Real Talk: Do Pores Open With Warm Water?
You’ve probably heard the rumor that hot water opens up your pores and cold water closes them, and you may even partake in the practice in hopes it’ll help get the grime and gunk off your face and out of your pores. But is there actually any truth to the tale, or is it just a longstanding skin-care myth? To find how splashing your face with water that’s piping hot or freezing cold affects our pores, we consulted with board-certified dermatologist Dr. Sapna Palep of Spring Street Dermatology. Learn what she had to say about pores contracting and opening, ahead.
Can Warm Water Open Your Pores?
Using warm water to “open” your pores is technically impossible. Your pores aren’t muscles, so they can’t voluntarily open and contract regardless of water temperature.. “There is nothing that can physically make the pores smaller or bigger,” says Dr. Palep. That said, there is some logic behind washing your face with warm water to help clean out your pores. While warm water will not actually open up your pores, it can help clean out the gunk, grime and sebum that has accumulated inside. “The more oil and gunk you get into your oil gland, and hence the hair follicle, the bigger your pores are going to look because the oil is sitting in your pores and stretching it out,” says Dr. Palep. “Hot water can change the structure of the skin, make it more pliable and loosen up the material in it so it’s more easily flushed out, which can make the pore appear smaller.” Just be sure, however, not to turn the temperature up too hot. “Steaming or using water that’s too hot can actually break down the proteins in the skin and make you more susceptible to eczema, breakouts and irritation.”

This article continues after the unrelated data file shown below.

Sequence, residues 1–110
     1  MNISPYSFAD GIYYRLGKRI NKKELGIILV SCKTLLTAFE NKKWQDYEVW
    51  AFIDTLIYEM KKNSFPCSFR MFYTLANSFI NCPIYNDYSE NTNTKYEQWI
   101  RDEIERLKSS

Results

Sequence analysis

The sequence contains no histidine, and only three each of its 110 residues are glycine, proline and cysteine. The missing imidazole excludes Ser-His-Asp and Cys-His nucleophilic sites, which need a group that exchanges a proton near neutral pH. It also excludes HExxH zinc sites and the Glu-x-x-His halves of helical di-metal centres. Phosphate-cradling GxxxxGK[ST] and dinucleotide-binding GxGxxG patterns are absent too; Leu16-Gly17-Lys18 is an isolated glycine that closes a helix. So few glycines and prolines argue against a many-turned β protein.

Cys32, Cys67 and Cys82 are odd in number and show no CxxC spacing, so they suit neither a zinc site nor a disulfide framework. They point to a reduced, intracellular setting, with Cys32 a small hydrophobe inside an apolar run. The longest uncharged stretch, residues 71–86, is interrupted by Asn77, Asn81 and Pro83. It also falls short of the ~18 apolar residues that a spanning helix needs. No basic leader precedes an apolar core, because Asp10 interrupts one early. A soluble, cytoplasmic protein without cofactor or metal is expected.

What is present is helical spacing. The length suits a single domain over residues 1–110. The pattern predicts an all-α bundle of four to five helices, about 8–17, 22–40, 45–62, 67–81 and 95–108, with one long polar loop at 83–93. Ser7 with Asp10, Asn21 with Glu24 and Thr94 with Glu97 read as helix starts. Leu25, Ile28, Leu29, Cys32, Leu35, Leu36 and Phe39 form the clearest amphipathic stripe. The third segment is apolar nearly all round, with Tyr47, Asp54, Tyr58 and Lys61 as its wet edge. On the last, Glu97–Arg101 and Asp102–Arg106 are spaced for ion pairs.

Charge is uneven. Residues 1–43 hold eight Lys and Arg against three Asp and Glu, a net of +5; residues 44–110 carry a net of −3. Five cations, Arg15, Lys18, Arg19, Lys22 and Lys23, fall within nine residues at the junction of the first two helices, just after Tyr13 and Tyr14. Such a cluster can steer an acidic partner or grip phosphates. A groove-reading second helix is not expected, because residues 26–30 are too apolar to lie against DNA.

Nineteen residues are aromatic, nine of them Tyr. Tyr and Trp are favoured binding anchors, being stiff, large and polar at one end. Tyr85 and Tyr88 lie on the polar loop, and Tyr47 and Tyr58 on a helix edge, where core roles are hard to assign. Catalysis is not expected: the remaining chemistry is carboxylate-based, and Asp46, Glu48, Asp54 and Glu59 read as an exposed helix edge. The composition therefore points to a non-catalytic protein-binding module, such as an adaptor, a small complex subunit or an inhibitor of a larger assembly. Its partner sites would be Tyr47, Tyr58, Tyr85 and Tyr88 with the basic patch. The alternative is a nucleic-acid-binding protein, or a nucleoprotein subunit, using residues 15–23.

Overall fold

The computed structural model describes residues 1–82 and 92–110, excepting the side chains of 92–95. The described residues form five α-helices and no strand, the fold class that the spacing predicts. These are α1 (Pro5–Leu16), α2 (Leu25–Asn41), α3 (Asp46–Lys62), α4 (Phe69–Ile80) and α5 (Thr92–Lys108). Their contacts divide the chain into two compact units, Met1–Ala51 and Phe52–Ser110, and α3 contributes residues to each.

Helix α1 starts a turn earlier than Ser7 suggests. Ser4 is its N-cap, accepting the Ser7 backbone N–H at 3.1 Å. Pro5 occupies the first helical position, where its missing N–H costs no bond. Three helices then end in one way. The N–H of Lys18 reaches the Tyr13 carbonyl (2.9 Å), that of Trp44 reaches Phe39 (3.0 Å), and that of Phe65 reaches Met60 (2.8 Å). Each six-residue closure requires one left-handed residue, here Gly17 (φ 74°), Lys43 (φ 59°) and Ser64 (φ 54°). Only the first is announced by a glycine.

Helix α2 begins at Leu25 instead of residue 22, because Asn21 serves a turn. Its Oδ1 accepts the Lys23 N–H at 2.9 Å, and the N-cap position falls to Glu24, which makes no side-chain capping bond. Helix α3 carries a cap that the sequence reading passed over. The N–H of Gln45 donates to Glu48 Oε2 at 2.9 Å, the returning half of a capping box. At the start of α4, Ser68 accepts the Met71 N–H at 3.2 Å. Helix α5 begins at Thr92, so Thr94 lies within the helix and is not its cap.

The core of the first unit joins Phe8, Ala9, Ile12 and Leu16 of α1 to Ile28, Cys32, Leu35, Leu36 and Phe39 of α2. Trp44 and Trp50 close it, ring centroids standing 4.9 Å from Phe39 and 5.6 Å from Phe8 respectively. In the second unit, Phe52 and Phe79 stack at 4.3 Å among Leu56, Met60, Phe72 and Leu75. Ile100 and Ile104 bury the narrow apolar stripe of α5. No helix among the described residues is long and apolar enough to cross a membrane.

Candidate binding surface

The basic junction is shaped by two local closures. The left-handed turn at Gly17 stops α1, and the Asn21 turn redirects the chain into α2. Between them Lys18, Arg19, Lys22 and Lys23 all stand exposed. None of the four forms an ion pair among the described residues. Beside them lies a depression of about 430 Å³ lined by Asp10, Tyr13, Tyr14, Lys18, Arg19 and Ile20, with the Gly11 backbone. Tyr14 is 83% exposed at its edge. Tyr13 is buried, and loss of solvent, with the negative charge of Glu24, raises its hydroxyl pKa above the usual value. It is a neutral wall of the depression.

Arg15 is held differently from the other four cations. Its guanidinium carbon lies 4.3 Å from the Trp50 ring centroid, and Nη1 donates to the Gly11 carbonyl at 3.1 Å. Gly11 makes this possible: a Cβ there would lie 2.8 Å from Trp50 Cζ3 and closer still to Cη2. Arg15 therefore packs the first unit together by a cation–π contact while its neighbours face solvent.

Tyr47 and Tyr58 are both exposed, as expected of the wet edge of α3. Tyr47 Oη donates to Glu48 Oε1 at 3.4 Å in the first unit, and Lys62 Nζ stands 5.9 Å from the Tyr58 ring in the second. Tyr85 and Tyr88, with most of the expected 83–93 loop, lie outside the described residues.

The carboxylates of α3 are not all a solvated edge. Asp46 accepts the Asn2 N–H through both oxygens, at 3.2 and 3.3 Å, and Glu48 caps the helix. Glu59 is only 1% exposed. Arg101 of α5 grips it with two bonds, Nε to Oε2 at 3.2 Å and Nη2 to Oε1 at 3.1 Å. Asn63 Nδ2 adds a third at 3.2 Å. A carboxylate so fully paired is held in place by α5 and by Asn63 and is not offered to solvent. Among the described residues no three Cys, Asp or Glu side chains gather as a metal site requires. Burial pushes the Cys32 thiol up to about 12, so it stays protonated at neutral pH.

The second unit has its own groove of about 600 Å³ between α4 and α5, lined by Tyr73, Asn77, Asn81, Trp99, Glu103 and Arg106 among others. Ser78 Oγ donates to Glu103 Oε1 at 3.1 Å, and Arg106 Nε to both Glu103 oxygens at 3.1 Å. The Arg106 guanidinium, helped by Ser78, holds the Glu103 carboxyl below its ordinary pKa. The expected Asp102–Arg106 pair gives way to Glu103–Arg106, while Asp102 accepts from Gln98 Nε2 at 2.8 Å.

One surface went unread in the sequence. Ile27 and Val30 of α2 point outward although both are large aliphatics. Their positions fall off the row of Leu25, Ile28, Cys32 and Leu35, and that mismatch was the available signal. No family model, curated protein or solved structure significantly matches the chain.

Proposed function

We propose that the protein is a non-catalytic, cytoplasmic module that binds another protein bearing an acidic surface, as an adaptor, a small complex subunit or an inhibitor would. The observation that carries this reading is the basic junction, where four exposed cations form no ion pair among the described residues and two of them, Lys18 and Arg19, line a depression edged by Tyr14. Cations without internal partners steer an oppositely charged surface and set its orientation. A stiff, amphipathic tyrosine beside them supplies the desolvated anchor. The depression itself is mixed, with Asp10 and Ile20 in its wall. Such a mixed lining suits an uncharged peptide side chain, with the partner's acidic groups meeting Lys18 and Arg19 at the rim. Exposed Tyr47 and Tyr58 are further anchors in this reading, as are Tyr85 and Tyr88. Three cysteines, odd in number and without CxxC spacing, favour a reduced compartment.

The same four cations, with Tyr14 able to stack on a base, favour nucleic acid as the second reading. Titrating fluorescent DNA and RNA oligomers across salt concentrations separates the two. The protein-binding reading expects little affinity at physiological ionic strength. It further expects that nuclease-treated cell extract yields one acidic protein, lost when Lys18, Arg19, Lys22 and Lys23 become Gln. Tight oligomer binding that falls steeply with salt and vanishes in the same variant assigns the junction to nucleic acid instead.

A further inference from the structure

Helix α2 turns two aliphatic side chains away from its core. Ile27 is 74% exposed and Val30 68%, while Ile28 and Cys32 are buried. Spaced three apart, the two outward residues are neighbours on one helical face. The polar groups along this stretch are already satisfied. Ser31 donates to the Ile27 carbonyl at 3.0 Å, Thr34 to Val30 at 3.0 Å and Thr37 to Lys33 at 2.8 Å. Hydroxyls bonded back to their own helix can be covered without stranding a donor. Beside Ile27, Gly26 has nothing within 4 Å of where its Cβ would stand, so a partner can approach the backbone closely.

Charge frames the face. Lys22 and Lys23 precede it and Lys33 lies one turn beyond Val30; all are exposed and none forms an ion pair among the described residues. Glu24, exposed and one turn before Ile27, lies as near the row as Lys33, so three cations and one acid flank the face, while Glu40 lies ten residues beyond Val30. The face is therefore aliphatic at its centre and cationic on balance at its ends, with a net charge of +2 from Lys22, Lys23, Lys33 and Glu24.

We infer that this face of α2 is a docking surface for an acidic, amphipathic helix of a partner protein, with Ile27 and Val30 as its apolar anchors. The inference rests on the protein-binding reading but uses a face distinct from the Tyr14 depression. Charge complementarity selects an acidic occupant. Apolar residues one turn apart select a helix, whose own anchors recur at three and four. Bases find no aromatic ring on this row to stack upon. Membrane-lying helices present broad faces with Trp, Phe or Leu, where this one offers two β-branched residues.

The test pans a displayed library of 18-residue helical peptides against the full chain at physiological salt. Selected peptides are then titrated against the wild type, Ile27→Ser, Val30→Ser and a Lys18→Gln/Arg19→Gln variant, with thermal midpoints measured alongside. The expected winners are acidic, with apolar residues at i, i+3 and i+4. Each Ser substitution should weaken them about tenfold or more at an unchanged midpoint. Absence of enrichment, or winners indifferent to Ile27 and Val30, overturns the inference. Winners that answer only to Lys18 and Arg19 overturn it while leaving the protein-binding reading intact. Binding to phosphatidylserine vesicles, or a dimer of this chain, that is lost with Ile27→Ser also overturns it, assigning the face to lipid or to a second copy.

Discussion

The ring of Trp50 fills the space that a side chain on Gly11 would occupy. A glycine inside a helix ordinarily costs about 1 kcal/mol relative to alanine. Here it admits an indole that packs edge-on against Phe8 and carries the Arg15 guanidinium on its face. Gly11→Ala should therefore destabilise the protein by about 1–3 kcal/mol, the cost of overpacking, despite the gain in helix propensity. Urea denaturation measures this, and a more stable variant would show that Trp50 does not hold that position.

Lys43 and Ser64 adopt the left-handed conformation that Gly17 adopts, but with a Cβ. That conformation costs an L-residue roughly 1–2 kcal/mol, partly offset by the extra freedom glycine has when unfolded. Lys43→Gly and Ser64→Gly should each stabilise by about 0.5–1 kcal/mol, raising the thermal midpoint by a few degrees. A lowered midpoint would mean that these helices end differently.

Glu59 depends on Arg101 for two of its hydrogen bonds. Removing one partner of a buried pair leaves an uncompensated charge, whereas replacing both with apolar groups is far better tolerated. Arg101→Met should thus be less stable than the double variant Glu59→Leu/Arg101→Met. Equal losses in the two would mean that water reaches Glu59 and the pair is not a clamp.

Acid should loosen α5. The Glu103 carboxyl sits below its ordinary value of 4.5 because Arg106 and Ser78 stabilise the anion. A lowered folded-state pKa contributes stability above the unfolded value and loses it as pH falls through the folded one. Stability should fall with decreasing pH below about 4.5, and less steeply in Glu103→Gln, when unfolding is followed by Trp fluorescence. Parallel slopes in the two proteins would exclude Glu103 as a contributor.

Can Cold Water Close Your Pores?
Just as warm water cannot increase the size of your pores, cold water won’t decrease them, either. Although the pore is not a muscle, there is some evidence to suggest that cold water can cause the arrector pili muscles along the side of the hair follicle and next to the pore to contract involuntarily. “Arrector pili muscles are part of the autonomic (involuntary) nervous system,” says Dr. Palep. “So if you’re embarrassed or cold, you’re autonomically stimulating that muscle to create goosebumps.” She explains that when the arrector pili muscle flexes, it can block a bit of pore’s opening. If the muscle does not contract from splashing cold water, however, there is no change to the pore’s size. Bottom line? If you want to splash cold water on your face at the end of your skin-care routine, it won’t hurt, but it also probably won’t help.